This study investigated the relationships between first-grade children's performance on Piagetian logical reasoning tasks and an information processing task, and the processes they used to solve verbal addition and subtraction problems. The problems varied systematically in semantic structure, number size, and the availability of objects to aid the solution process. Statistically significant differences in arithmetic performance between the developmental groups were found for some of the cognitive variables. The information processing variable was the cognitive ability most consistently related to accuracy of solution and use of advanced solution strategies. However, none of the cognitive abilities was required to solve the arithmetic problems or to use a given solution strategy. This calls into question the use of these cognitive tasks as readiness variables for arithmetic instruction.

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James Hiebert, Thomas P. Carpenter and James M. Moser

Investigating relationships between major domains of knowledge is a complex task. A number of fundamental questions often accompany such attempts, and our study on the relationship between cognitive skills and arithmetic performance is no exception. Steffe and Cobb (1983) identified some of these questions. This interchange, we hope, will help to clarify the issues and the alternative views.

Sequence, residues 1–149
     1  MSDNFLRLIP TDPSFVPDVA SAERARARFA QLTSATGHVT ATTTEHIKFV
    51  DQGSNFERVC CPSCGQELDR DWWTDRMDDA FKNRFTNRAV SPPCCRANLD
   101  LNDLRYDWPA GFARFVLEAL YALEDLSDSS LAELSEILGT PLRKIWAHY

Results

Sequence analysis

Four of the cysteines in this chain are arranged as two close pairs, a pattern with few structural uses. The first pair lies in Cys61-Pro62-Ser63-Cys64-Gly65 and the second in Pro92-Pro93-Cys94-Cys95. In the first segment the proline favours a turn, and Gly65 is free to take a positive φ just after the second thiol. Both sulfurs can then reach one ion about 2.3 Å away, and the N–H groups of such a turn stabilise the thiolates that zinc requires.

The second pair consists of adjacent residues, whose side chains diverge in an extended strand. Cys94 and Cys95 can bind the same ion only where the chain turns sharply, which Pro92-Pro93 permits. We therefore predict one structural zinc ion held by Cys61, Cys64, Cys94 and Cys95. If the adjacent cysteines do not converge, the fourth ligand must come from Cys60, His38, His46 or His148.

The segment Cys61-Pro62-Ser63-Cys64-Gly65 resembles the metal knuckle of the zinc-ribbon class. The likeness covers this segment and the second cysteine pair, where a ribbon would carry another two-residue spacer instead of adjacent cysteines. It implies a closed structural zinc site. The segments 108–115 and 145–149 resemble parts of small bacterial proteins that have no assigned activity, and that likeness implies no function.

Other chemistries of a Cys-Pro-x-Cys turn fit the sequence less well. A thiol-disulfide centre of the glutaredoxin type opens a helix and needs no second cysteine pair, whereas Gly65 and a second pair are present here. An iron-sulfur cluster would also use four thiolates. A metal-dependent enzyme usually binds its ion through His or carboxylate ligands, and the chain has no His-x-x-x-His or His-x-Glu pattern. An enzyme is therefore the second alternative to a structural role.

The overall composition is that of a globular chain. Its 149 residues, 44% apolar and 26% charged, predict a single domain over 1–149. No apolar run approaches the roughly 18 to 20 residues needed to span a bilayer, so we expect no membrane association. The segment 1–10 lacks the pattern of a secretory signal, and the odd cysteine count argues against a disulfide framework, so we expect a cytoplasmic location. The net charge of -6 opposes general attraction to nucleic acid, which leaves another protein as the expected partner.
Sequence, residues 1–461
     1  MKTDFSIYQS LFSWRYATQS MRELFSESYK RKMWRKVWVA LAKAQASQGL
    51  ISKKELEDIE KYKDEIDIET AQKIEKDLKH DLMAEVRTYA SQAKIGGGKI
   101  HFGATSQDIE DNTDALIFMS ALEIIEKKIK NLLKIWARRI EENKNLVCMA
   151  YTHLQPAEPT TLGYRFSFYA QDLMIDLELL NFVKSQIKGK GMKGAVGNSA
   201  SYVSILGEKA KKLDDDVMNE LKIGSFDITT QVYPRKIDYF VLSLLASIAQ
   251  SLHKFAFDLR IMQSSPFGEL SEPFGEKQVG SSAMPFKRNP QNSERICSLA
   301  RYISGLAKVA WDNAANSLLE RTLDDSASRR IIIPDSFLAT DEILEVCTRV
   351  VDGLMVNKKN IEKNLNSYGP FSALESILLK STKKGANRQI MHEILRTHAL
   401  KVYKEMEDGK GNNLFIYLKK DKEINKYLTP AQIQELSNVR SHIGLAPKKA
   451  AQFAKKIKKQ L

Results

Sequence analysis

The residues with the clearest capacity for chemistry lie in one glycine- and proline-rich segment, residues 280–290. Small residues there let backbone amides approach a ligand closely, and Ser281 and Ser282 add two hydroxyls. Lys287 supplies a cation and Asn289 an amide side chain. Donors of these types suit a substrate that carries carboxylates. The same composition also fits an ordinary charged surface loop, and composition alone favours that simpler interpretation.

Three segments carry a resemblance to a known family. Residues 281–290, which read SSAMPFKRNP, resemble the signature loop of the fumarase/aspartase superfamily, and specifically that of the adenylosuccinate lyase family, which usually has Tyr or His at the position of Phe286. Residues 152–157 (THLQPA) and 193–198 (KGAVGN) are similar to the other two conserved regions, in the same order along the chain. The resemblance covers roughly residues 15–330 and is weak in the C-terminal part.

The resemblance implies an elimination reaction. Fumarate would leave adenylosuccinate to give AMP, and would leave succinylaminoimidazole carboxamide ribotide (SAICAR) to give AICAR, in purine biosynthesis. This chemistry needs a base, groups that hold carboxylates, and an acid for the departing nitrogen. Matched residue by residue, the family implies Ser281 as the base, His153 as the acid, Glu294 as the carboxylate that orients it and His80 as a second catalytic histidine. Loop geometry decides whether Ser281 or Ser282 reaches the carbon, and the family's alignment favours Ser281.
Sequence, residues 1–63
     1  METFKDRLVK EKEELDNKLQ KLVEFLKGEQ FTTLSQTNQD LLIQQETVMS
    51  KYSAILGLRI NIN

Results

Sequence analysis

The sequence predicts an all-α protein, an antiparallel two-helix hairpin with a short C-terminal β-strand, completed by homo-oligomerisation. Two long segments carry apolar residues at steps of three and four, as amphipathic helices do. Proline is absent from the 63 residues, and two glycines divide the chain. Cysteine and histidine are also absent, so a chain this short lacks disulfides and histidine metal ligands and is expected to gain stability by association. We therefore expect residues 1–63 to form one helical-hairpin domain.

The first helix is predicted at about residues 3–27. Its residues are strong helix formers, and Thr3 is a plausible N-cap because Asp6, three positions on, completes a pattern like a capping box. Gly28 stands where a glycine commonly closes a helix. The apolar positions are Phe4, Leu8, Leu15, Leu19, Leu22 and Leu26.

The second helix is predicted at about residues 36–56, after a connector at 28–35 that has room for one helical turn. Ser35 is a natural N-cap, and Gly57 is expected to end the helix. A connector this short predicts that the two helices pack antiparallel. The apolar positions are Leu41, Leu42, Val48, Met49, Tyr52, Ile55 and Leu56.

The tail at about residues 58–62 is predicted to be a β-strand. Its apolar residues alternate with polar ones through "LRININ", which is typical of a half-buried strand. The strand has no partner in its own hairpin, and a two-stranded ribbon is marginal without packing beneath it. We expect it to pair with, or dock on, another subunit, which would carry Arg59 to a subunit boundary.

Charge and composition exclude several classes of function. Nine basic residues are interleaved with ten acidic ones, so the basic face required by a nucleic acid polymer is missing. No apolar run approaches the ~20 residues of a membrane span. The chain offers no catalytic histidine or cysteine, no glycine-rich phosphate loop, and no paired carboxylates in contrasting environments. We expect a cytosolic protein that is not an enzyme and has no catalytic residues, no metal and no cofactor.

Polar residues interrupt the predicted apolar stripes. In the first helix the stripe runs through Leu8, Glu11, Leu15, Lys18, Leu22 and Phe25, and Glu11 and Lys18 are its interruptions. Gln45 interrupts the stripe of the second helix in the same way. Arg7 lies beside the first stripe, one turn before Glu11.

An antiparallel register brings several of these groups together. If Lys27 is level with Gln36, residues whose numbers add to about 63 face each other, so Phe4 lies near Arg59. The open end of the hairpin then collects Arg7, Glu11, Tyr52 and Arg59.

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Anne K. Morris, James Hiebert and Sandy M. Spitzer

The goal of this study is to uncover the successes and challenges that preservice teachers are likely to experience as they unpack lesson-level mathematical learning goals (i.e., identify the subconcepts and subskills that feed into target learning goals). Unpacking learning goals is a form of specialized mathematical knowledge for teaching, an essential starting point for studying and improving one's teaching. Thirty K–8 preservice teachers completed 4 written tasks. Each task specified a learning goal and then asked the preservice teachers to complete a teaching activity with this goal in mind. For example, preservice teachers were asked to evaluate whether a student's responses to a series of mathematics problems showed understanding of decimal number addition. The results indicate that preservice teachers can identify mathematical subconcepts of learning goals in supportive contexts but do not spontaneously apply a strategy of unpacking learning goals to plan for, or evaluate, teaching and learning. Implications for preservice education are discussed.